Operational Factors Affecting Treatment of Wastewater by Anaerobic Processes
Anaerobic processes are defined as processes where neither oxygen nor nitrate is present. These processes are carried out by a large and varied group of micro-organisms which normally live in a symbiotic relationship. 
Anaerobic digestion has contributed a lot in conservation of natural resources which cannot be replenished back. It involves a series of biological processes which takes place naturally when a bacterium breaks down the organic content in the absence of oxygen.
Anaerobic processes have been used in wastewater treatment systems for more than a century, initially to stabilize the solids produced. These bioreactors, called anaerobic digesters, were simple concrete tanks in which the solids were placed as a slurry and allowed to decompose anaerobically. Hydraulic retention times of 60 days or more were common. Gradually, it was discovered that the decomposition could be accelerated by heating the digester to a consistent temperature of about 35°C and mixing it to provide uniform reaction conditions. These discoveries led to the current high rate anaerobic digestion process, which uses HRTs of 15 to 20 days. Anaerobic digestion remains an extremely popular and widely used solids stabilization process, particularly in municipal wastewater treatment.”
Biological activities have been identified as main root for more than 70% of methane production in the atmosphere. AD is considered to take place in a series of three to four steps namely.
- Acidogenesis (acid forming)
- The rate-limiting reaction in anaerobic digestion is usually the conversion of volatile acids to methane. Methane-forming bacteria obtain very little energy from the degradation of volatile acids. Most of the energy released from the volatile acids is transferred to the methane.Because of the low energy yield obtained from volatile acids by methane-forming bacteria, their growth rate is restricted, that is, the amount of substrate utilization per unit of organisms is high. Therefore, bacterial growth or sludge production is low and optimum operational conditions must be maintained for satisfactory rates of solids destruction and methane production. These factors are responsible for the rate-limiting reaction of the conversion of volatile acids to methane. However, if the substrates fed to the anaerobic digester were mostly slowly degrading particulate materials, then the rate-limiting reaction would be the hydrolysis of the particulate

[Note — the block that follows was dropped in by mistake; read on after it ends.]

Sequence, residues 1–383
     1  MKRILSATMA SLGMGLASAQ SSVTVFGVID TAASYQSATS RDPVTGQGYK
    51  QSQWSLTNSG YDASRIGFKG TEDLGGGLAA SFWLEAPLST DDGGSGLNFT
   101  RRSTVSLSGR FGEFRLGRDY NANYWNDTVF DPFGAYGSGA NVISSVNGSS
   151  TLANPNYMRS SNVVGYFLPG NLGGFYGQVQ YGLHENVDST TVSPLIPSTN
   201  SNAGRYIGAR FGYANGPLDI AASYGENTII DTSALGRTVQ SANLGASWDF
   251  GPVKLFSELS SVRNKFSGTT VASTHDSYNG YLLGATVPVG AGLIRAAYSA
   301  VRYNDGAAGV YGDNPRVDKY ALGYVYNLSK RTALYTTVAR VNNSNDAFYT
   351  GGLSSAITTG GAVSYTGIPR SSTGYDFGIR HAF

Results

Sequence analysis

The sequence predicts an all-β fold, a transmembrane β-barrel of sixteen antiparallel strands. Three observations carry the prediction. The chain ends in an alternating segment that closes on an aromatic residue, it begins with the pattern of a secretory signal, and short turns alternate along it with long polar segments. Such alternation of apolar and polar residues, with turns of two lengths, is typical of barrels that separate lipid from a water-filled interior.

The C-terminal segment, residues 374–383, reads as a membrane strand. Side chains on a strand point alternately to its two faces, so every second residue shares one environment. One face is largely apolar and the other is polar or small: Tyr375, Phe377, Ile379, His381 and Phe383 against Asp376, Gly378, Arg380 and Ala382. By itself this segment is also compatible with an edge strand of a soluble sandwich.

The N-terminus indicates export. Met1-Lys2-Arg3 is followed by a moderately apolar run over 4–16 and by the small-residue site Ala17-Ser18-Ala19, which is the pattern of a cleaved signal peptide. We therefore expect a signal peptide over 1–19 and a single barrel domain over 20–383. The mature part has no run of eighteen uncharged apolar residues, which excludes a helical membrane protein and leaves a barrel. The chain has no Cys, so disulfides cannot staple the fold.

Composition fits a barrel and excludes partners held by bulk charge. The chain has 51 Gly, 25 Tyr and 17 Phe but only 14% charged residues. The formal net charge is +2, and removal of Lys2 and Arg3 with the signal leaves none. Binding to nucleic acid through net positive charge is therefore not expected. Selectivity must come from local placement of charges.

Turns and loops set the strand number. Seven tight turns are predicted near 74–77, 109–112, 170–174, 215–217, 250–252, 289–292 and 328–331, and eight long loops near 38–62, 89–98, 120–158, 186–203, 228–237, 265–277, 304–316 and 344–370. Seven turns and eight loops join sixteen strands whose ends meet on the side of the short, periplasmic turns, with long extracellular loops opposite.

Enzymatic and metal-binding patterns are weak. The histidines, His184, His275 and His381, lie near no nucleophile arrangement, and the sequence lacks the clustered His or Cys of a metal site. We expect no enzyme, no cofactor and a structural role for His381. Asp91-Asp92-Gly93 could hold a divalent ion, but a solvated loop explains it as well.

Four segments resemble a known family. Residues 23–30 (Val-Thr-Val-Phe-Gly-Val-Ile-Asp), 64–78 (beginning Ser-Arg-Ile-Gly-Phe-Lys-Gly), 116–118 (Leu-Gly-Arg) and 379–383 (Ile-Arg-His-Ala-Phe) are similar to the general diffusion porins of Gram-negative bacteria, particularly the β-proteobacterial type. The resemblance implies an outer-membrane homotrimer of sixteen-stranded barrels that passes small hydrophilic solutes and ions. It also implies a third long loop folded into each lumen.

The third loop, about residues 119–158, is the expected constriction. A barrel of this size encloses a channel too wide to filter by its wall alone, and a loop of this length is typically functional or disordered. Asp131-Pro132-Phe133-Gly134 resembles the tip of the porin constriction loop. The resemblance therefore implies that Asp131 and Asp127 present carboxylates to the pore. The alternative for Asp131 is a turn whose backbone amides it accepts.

Methane-forming bacteria are strict anaerobes and are extremely sensitive to changes in alkalinity, pH, and temperature. Therefore, operational conditions in the digester must be periodically monitored and maintained within optimum ranges. In addition to alkalinity, pH, and temperature, several other operational conditions should be monitored and maintained within optimum ranges for acceptable activity of methane-forming bacteria. These conditions are gas composition, hydraulic retention time (HRT), oxidation-reduction potential (ORP), and volatile acid concentration (Table 1).
Process control of anaerobic digesters is often difficult, because numerous operational conditions are interrelated and changes in one condition may directly or indirectly affect others. Also, the relatively low concentrations of solids and short solids retention times (SRTs) maintained in completely mixed digesters render the process susceptible to toxic upsets and shock loadings. Another difficulty in achieving proper digester operation is the presence of different bacterial groups that have different optimum values or ranges of values for operational conditions. For example, there are two optimal temperatures for anaerobic digestion of solids.
The acid-forming bacteria have an optimum temperature at 30°C, and the mesophilic, methane-forming bacteria have an optimum temperature at 35°C.
Ahmed Ahmed Elserwy
Water & Environmental Consultant
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